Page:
On my way…Ethiopian Airways

The first real mental challenge of my trip was coming to grips with flying on an African airline.  To the experienced traveller I am sure that sounds extremely judgmental and shallow.  For me it was real, I see news reports of plane crashes and it gave me reason to be concerned.

After some investigation, I found out that Ethiopian is rated by the FAA as a tier 1 airline (and may be the only one in Africa).  This eased my concerns, especially since their safety record is very good.  With my ticket purchased, I forgot about it until I started to pack and then came to realize I could only carry-on two small bags each with max 15 lbs.  That is very little when you have two professional camera bodies, four lenses and two flashes – checking this gear is a big no no!  After figuring out my main camera bag weighed 7 lbs, that had to go and I settled on my small bag and 18lbs in total weight (yes, still over the limit).

I had heard some airlines were very strict and so my back up plan was something I heard about on the internet where other photographers faced with checking gear would simply store lenses in the pockets and carry cameras – I was ready!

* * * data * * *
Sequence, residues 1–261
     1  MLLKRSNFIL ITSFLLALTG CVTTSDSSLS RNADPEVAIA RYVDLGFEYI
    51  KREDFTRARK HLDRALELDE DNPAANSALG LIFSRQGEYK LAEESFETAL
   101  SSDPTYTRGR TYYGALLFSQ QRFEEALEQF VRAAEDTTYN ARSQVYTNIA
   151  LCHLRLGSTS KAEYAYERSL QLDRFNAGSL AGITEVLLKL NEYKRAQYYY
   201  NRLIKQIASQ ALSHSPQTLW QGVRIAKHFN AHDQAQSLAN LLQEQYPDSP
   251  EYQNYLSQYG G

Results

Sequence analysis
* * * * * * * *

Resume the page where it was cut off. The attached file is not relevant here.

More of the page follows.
Check in went fine and as I walked in a relaxed mood to the gate I met a fellow passenger who had just emptied a bunch of books from her carry on bag because it was too heavy.  This was a very bad sign and sure enough as I reached the gate there was a man weighing every carry-on bag.  After watching other passengers get harassed, I decided to be confident and placed my camera bag on the scale.  As expected it registered 18lbs and to my surprise he simply said OK.  Needless to say I picked it up quickly and hurried on.

As I boarded the plane, I heard Ethiopian had taken receipt of several new 787 Dreamliners (and just to think I had been so worried).  Mine wasn’t a 787 but comfortable nonetheless.  What really struck me is how friendly everyone on the plane was.  As I sit there mid-flight, I noticed the passengers were very eclectic and everyone was very good-natured and generally in conversation with the person next to them.  I have to compare this to flights I take for work back home where I and my fellow passengers seem not to acknowledge anyone else is on board – I like this new experience much better!  To cap it off, the interesting young Ethiopian guy next to me gave me some local money, no strings attached.

Reflecting back, I expect this is the first of many such learning experiences.  I had been setting my expectations based on a completely false sense of superiority and limited knowledge.  I have a lot of learning ahead!

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